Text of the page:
Ive met a lot of people who felt the council failed them during the bad weather earlier this year and Green councillors were active in trying to get priorities changed, so that people could get moving again. An MP doesnt have very much say over how the council runs things but we have a good number of Green councillors here in Brighton & Hove now who are really trying to make a difference. Hopefully in the future they will be in the majority and can really push a Green agenda on transport, schools and so forth. Obviously if I am elected Id work closely with the councillors we have here, and would press for legislation nationally that would make it easier for councils to provide better public services including getting the funding right.
Yes Greens do suffer from a fair bit of typecasting, I agree . However, what I see when I am out campaigning is that people are increasingly looking beyond that and are listening instead to what we have to say - and they like what they hear! Your website sounds interesing and I will try and take a look when I have finished here. I like the fact that you are focussing on the many benefits to being green - as I have said in another post it is all too often portrayed as being about giving up stuff, when for me what we gain is so much more worthy of attention. Good luck with your scheme.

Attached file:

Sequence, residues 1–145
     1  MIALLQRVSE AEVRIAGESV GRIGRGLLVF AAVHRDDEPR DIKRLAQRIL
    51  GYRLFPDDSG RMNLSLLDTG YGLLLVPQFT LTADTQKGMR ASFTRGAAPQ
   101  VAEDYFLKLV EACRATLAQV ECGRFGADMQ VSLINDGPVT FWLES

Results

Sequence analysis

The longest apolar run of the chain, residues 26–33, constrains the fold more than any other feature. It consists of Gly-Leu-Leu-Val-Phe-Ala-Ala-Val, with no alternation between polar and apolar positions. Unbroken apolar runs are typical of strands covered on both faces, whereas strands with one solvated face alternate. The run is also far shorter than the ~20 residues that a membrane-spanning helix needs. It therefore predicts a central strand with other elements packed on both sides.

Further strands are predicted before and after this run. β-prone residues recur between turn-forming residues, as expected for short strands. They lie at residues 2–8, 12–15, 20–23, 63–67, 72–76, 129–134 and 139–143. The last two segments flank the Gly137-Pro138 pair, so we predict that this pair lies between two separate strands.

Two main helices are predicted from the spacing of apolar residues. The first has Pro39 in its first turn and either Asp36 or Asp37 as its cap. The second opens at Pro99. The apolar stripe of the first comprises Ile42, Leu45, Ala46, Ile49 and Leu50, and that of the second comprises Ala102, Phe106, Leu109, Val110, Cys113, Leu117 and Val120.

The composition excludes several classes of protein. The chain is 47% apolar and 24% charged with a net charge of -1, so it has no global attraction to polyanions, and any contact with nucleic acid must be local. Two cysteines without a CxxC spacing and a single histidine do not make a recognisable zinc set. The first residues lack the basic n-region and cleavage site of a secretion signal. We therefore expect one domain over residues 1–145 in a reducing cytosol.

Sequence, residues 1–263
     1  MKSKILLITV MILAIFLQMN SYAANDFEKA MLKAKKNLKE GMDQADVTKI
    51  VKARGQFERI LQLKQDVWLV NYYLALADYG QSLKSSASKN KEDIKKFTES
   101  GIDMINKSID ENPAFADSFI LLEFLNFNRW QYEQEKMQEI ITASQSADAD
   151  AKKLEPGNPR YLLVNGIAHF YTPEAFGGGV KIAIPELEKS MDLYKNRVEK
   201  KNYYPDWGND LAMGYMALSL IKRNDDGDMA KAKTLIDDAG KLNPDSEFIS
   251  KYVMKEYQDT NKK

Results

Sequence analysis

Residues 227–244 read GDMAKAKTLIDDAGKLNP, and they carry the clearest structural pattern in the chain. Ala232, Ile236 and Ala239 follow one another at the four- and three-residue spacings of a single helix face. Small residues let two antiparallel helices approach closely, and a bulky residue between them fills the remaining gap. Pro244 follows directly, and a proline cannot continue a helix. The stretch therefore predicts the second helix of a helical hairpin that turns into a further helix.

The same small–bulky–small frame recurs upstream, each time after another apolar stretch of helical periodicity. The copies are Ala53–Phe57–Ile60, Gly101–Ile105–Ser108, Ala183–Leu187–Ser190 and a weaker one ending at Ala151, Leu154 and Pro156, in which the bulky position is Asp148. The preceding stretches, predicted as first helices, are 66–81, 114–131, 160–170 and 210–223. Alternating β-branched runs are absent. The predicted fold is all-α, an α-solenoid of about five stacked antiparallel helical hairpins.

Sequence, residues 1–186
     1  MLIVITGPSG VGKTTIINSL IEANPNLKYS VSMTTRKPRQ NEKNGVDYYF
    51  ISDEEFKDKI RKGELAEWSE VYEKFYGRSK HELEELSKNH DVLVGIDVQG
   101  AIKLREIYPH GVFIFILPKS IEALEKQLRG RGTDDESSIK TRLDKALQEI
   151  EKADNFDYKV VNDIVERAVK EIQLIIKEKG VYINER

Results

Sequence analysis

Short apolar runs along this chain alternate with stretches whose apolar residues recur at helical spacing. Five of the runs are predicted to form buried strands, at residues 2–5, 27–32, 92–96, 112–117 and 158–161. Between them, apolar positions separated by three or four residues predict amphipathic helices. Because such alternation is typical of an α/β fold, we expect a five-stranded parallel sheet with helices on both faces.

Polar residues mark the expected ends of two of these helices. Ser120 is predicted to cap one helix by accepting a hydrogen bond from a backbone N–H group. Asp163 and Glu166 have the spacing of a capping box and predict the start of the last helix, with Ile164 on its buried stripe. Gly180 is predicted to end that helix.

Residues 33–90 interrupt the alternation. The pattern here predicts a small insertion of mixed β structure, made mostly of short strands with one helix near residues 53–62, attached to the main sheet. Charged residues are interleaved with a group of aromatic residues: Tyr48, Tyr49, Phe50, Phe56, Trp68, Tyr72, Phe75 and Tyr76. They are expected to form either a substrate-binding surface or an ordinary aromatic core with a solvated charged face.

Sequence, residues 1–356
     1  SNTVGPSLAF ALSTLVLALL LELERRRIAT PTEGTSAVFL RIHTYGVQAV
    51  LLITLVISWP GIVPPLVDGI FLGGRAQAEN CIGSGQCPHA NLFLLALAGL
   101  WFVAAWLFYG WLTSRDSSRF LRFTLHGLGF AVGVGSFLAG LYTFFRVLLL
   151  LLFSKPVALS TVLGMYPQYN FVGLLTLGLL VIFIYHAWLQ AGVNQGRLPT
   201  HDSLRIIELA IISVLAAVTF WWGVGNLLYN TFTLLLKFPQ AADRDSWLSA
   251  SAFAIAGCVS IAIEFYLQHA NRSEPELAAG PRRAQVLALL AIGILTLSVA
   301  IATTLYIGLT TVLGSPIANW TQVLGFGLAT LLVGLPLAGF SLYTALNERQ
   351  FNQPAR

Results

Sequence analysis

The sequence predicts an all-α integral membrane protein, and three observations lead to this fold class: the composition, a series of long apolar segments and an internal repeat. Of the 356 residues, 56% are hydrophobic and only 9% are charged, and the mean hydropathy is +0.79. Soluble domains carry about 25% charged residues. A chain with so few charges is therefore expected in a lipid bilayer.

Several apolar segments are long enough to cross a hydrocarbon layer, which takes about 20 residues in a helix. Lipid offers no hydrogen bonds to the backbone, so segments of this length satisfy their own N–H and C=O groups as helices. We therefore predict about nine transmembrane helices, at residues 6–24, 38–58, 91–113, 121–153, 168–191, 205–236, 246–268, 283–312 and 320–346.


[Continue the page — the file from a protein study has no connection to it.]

thank you so much for answering my question and for speaking out so publicly against the proposed closure of the A&E and maternity services of the Whittington Hospital.
I really, really appreciate your support and I am sure so will many, many others in North London.
Thanks again and all the very best !
If I am elected here in Brighton my first commitment will be to the people I represent. However, I have spent several years meeting people across the South East and the country more generally, and know that on the whole people care about very similar things. I also know the people of Brighton well enough to know that they would want a little bit more than an average constituency MP.
So, I think that standing up in Westminster for Brighton Pavilion will also mean I can affect policies that touch you. In the first instance I am thinking about things like job creation, support for small businesses, warmer homes and lower energy bills, hospitals focused on patient care rather than making a profit, a regular reliable, affordable rail and bus service - and an increase in the minimum wage. All these things are important to people living in Brighton and elsewhere. And of course, as a Green MP I want to make a difference on issues like tackling climate change and scrapping Trident as we have been talking about which impact on everyone.
I think it is true that often women suffer disproportionately from decisions to eg go to war or tilt the work life balance away from family. I definitely want to see more women elected to represent us in Parliament and on eg boards of companies as this might well help create the kind of society I think we all want.